>iindelco ... No, I haven't got a clue. First, there are just too many ways to slice the usage with a large assortment of engine sizes varying in age and maintenance condition. My WAG might be a national average might be ~500 gallons per day for a working (yard & dock) fleet of ~ 6,000 units. Road switchers are eligible for LEAF & Genset service but duty cycle is way beyond my feeble mind to figure.
    25 Aug 2012, 12:05 AM Reply Like
  • iindelco
    , contributor
    Comments (10233) | Send Message
     
    DRich, Thanks. My interest was not only economic but the ability to opportunity charge in the case of battery yard switchers. Especially if you're running these things 3 shifts which I would imagine many areas are like ports.

     

    I thought I recalled one of the reasons the NS999 failed prematurely was that they had usage patterns that were draining the batteries deeper than design intent. Not that the PBC batteries shouldn't be far better for the app. anyway.
    25 Aug 2012, 12:14 AM Reply Like
  • 481086
    , contributor
    Comments (3431) | Send Message
     
    DR, none taken. Ever. It's Friday evening and I don't have a life, so therefore I spout. Apologies and gratitude to all. As far as my blather, It might well be bull flop in Texas, but I remember my 1970's school years well in Calif, spread out over several diverse socio-economic locales, and the dynamic I described is much what I witnessed and experienced first hand... Those were days of miracle and wonder and that such a process of experimentation ensued is understandable and was probably inevitable, given the amazing bounty and giddy heights to which the country had at that time thus far propelled itself... I'm just saying the inevitable *progression* can clearly be seen to be ending badly now, all around us.. or is at least approaching the nadir of its cycle. At least in Calif. But I believe ever in the possibility of renewal, when the old wisdoms will be rediscovered as new, to be claimed, worn, and wielded by the coming generations as their own... Because Other People's Money *is* going to be run out of. Well, unless the productivity fairy really kicks it into high gear soon and thus saves all our asses, so that half the population can be sustained as druggies and pot growers and nevertheless eat and be housed. Failing that, tough times will inevitably descend, and they may hang around a while, but they won't last forever. Because tough people will.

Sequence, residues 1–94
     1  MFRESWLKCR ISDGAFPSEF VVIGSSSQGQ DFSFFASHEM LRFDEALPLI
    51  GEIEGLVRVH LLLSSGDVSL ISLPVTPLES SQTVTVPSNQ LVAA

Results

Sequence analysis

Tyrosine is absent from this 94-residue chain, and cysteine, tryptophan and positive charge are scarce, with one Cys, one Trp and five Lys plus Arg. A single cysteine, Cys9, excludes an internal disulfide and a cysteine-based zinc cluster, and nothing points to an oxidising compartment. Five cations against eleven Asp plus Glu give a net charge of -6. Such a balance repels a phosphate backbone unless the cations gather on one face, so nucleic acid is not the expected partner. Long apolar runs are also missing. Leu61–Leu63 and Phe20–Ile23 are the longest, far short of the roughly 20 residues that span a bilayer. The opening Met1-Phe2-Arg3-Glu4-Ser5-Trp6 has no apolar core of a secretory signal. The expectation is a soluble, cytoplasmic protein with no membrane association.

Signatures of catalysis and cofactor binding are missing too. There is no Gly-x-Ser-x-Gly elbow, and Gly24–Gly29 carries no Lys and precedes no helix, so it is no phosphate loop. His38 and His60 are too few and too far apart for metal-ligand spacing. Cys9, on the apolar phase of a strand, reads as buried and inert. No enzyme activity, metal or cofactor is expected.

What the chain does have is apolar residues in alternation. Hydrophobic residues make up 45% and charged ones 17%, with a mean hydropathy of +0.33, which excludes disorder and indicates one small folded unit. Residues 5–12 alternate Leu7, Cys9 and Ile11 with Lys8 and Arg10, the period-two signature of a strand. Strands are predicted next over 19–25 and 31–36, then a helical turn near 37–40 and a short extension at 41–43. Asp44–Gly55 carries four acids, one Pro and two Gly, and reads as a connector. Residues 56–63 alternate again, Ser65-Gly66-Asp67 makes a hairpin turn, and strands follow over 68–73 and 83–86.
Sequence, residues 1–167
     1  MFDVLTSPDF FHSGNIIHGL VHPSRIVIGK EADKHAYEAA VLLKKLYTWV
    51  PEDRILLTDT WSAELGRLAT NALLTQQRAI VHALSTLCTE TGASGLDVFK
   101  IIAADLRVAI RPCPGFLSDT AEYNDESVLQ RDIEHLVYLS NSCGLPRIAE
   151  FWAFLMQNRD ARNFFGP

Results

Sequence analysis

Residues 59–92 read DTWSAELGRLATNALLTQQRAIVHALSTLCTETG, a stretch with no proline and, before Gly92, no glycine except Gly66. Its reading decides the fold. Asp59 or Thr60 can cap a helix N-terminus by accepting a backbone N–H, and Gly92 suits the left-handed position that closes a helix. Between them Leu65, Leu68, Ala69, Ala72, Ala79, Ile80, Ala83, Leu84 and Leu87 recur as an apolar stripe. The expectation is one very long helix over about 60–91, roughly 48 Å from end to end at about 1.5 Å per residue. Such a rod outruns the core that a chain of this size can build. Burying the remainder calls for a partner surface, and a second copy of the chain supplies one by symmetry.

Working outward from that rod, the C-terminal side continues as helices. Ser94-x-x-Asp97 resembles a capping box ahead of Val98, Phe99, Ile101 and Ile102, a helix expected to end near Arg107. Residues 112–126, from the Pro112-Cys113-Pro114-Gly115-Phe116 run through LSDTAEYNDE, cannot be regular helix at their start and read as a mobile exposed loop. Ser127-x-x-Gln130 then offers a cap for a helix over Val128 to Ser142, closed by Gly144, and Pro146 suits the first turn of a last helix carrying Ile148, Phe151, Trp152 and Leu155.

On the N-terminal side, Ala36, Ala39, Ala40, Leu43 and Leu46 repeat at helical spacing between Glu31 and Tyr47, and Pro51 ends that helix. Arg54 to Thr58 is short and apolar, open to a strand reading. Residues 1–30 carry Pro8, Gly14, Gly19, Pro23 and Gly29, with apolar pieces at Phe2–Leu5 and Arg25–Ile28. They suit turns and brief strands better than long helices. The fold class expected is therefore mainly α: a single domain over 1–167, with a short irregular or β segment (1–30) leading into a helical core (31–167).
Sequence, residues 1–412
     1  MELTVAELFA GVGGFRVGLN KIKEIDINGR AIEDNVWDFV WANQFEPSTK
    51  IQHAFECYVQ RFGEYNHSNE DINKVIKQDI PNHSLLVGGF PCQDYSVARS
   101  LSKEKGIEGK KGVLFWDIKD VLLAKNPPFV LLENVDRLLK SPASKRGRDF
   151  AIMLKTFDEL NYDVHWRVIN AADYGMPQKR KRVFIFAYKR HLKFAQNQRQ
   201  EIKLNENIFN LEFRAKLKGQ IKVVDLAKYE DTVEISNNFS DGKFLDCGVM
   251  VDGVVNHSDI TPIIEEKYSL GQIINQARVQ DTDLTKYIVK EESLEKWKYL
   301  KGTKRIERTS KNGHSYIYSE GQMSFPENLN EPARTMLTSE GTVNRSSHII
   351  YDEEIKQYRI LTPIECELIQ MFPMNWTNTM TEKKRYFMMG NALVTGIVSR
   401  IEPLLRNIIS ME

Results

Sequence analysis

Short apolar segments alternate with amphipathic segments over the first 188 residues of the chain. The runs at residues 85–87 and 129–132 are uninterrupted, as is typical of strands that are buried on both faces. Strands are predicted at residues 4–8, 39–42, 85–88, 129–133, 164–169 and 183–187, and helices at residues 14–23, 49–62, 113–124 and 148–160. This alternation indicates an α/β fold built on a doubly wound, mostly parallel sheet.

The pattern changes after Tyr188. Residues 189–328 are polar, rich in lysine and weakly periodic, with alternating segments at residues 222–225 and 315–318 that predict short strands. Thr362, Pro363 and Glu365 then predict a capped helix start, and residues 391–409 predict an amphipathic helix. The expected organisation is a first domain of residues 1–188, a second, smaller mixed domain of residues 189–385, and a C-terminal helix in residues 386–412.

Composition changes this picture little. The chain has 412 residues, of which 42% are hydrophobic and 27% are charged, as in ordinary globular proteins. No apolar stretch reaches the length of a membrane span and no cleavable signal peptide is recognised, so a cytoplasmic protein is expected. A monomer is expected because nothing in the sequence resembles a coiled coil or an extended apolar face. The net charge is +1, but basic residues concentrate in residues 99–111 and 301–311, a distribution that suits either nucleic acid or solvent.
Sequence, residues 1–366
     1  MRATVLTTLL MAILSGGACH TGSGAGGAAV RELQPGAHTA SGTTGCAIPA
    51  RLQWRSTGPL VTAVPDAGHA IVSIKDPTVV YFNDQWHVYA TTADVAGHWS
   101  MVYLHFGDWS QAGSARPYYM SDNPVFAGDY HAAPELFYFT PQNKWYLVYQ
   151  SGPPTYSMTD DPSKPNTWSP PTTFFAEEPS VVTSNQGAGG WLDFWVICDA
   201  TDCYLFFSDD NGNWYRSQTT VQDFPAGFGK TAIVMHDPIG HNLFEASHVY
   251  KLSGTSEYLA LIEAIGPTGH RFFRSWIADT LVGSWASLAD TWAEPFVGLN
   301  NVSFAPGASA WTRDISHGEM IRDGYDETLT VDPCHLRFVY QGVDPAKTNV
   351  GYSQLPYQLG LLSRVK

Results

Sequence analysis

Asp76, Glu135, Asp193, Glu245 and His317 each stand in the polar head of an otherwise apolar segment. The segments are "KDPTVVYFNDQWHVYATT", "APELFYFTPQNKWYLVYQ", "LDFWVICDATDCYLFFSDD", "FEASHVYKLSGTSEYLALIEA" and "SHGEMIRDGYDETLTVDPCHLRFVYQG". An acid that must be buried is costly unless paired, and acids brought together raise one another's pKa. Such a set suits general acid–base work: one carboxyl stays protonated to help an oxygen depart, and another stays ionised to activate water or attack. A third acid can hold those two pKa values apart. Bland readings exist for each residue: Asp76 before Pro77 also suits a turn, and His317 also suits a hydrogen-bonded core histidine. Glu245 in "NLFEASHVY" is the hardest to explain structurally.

25 Aug 2012, 12:19 AM Reply Like
  • DRich
    , contributor
    Comments (4819) | Send Message
     
    >iindelco ... I don't have the data in front of me, but as I remember the original NS999 had battery failure on both ends of the usage spectrum. Battery drain followed by high current inrush. I'm not the battery expert. I understand LABs suffer cycle life reduction living in such an environ. I don't remember any mention of it being stranded
    25 Aug 2012, 12:27 AM Reply Like
  • John Petersen
    , contributor
    Comments (30620) | Send Message
     
    A back of the napkin fuel consumption estimate for an EMD SW is up to 140,000 gallons of fuel per year assuming 24/7 operations; 80% idle time at 2.5 gal/hr and 20% work time at 70 gal/hr.

     

    That ties pretty well to estimates I've read that the average switcher burns 100,000 gallons of fuel per year.
    25 Aug 2012, 12:37 AM Reply Like
  • John Petersen
    , contributor
    Comments (30620) | Send Message
     
    The only clear duty cycle estimates I've seen say that the average switcher idles 80% of the time. In an earlier comment I noted that the back of napkin fuel use would be 140,000 for 24/7/265, but the numbers I've read indicate an average of closer to 100,000 GPY.
    25 Aug 2012, 12:41 AM Reply Like
  • iindelco
    , contributor